Editor’s Note: This is the first of a two-part series.
Unlike Conservatism, which tenaciously clings to self-serving policies, Liberalism recognizes the imperfections in the social order and, though “liberals” also benefit from these imperfections, their collective sense of moral responsibility leads them to seek change.
It is no surprise that most efforts to guide this country along the path of morality originated in the Church. The abolition of slavery in America resulted from the courage and actions of religious people. Quakers were so serious about the Christian mandate to “love your brothers as I have loved you” that they were willing to risk the safety of themselves and their family to help slaves escape.
It was a Baptist minister who was in the vanguard of the Civil Rights Movement. Martin Luther King Jr., like the Quakers and John Brown, held strong beliefs in Christianity and spent his life advocating and pushing America to live up to its cherished creed that “All men are created equal.” He encountered opposition in many corners of society, including among the religious community.
Before slavery ended, Mary Kelsey Peake, a religious black woman, defied Virginia law and dared to teach enslaved blacks to read and write. She saw literacy as an essential tool for full participation in American society. Her courage and insight motivated the American Missionary Association (AMA), an amalgam of non-denominational churches, to join her in the effort.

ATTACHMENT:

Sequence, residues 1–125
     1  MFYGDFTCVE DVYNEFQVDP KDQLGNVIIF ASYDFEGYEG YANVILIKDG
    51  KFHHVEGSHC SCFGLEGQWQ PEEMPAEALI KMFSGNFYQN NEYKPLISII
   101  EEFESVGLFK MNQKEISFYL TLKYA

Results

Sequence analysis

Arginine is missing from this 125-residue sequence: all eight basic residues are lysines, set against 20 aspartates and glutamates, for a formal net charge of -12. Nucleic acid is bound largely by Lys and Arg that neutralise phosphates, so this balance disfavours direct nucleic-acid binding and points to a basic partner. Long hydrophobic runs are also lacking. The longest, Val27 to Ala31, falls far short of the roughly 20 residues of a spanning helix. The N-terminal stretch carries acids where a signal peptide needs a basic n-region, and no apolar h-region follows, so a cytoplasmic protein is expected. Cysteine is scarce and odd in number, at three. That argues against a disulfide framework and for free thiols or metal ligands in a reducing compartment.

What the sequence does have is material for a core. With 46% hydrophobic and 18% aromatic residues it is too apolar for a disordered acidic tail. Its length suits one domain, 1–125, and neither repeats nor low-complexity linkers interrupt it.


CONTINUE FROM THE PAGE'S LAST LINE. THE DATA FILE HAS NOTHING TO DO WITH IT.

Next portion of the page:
A society stagnates and dies without Liberalism. It serves as a mirror that reflects cruelty and injustice. United States history is replete with examples of Liberals struggling against tremendous odds to advance a measure of justice: The right to vote for African Americans and women and veteran benefits enjoyed by members of our Armed Forces were the result of the work of Liberals. Franklin D. Roosevelt created “The New Deal” and led the country out of the Great Depression. Lyndon B. Johnson created “The Great Society.” There are many, many more. Yet, Conservatives have succeeded in making “liberal” a dirty word, a word shunned by politicians.
Liberals advocate for the rights of others and continue to push this nation toward a “more perfect union.” Liberals are motivated out of a keen sense of right and wrong and, like Lincoln, they believe that “those who deny freedom to others do not deserve it themselves and, under a just God, cannot hope to long retain it.”
Gilbert L. Raiford is semi-retired after a career in teaching and working for the U.S. Department of State. He lives in Miami where he volunteers at homeless facilities, the Opera House in Miami and after-care school programs as a fund-raiser. He may be reached at firstname.lastname@example.org.